No, Norwich Free Academy won’t be coming to the Southern Connecticut Conference.
You’re all shocked, we know.
The ‘They-love-us, they-love-us-not’ Class LL school announced Thursday it would stay as football members in dysfunction junction — aka The Eastern Connecticut Conference — brushing aside enticements of a full football schedule as a member of the SCC. NFA was being courted to become the New Haven area league’s 20th football team.
But NFA athletic director Eric Swallow rebuffed the invitation because — despite well-documented distain toward the massive, regional high school, especially from the smaller, rural schools surrounding it — NFA didn’t want to be the only team to abandon the conference.
Athletic director Eric Swallow said a number of variables affected the decision, perhaps most notably the unwillingness of other ECC schools to leave with NFA for the Southern Connecticut Conference.
“We didn’t feel like we wanted to be the only school to abandon the ECC,” Swallow said. “We have to do what’s in our best interest and we believe remaining loyal to the ECC is in our best interest.”
These comments come even after NFA was left out of the last breakup attempt just a few months ago when New London, Ledyard, Fitch and East Lyme announced the formation of a new athletic conference — the SEAC.
That conference lasted all of a few months before the ECC’s members agreed to scheduling compromises for this season and beyond.
Talks continued with the SCC into the fall, however, and a recent solution to bring the SEAC schools and NFA aboard as one of four geographical SCC divisions of six teams was bandied about.
But the SCC’s schools balked at the geographic solution and preferred a three-division, eight team solution. That reportedly kept the former SEAC schools from jumping ship (travel costs being a factor) and, ultimately, killed the deal for NFA — which was promised a full nine-game schedule within the SCC, allowing for its Thanksgiving Day game vs. New London to continue.
“There was some angst among the ECC (members) and all of them bowed out,” Swallow said. “We decided we didn’t want to make the jump and it probably would be best to be a little more patient.”
So, instead the ECC will (ONCE AGAIN) be realigned…
Division I will consist of NFA, Fitch, East Lyme, New London and Ledyard. Division II will consist of Bacon Academy, Waterford, Stonington and Montville. And Division III will consist of Killingly, Plainfield, Griswold and Windham.
Division III schools, despite being just four, will not be required to play any of the five Division I teams. That means those five schools will only have six guaranteed league games on their schedule. and will have to get creative to find three or four more games.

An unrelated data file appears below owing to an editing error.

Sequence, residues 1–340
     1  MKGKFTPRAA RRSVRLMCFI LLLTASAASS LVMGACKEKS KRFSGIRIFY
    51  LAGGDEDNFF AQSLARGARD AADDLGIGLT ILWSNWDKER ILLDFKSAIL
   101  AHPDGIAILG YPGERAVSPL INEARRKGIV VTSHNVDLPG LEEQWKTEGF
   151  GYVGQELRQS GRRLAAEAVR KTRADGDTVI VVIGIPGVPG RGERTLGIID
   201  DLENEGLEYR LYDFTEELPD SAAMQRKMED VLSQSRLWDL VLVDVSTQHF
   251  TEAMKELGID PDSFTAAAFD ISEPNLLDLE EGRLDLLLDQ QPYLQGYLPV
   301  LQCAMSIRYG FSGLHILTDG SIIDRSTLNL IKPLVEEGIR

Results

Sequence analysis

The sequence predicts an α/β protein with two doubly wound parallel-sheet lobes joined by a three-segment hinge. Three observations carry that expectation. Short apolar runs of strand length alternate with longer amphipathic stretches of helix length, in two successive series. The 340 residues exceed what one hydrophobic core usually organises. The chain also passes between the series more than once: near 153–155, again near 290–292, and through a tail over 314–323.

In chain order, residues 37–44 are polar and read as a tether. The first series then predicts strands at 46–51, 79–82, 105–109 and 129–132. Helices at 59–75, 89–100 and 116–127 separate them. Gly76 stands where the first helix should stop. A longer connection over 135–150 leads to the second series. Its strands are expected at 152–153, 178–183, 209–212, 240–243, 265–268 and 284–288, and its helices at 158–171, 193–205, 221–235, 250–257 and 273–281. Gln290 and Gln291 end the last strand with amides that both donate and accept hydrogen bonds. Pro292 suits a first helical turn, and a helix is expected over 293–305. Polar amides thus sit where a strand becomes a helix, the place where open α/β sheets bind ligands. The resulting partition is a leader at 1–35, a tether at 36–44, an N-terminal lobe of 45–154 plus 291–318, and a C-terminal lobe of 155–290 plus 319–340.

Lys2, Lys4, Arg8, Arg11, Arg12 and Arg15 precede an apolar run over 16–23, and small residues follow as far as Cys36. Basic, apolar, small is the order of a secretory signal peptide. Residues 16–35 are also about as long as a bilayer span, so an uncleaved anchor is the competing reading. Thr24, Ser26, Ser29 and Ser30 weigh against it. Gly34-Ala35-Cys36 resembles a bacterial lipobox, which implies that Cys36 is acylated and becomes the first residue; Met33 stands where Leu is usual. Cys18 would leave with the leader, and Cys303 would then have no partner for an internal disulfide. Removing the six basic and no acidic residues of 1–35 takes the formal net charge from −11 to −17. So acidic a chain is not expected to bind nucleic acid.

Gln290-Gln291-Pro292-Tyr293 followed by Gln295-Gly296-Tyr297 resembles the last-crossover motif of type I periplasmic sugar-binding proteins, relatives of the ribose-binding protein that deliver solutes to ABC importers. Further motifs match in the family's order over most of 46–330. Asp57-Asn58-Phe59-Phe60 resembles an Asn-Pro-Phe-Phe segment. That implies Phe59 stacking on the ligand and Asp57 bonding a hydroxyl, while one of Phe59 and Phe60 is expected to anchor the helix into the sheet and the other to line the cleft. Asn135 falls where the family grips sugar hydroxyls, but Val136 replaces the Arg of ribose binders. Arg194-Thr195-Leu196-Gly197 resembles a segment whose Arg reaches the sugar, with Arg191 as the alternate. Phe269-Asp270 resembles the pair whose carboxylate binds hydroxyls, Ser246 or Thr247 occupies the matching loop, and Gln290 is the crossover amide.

And with such draconian provisions in place you can bet your butt this isn’t over. Not by a long shot.
Update: SCC commissioner Al Carbone said he was “disappointed” with not getting the five ECC schools or just NFA into the league. The SCC ast year approved a one-year schedule in hopes of absorbing those schools. Now, facing another year with an uneven 19 teams, Carbone openly asked his league’s athletic directors to prepare themselves for some tough choices ahead in scheduling and realignment of the Division I and II makeup.
“I would hope our people — our ADs and coaches — are ready to have that conversation,” he said. “That’s why we tried to do this (ECC deal). We tried to set this partnership up to give our teams something different to look at. Getting to that even number of teams is very important because everyone in our league wants competitive schedules and they want full schedules.
“We’re back to square one now. We’re still at 19 (teams) and we’ll have to go back to the drawing board. I’m looking forward if people are committed to this league and if they’re going to to what’s best for the league. We have to ask ourselves, did we do everything to make (the ECC deal) work?”
SPB Editorial: In essence, this time the SCC is to blame — the lot of you — for failing to allow the ECC schools to become their own division. These teams are begging to be brought into the fold and your own squabbling over schedule relief and which poor massive school — like Hamden or Amity, or a Class L school like Guilford — will be allowed to drop into an easier division has killed it. Nice job, SCC. Between this and the FCIAC’s nonsense, leagues are killing high school sports.
It’s time for someone rule this state by fiat and adopt the district model.
For the love of God. It’s time.
District model, please.
End editorial, for now.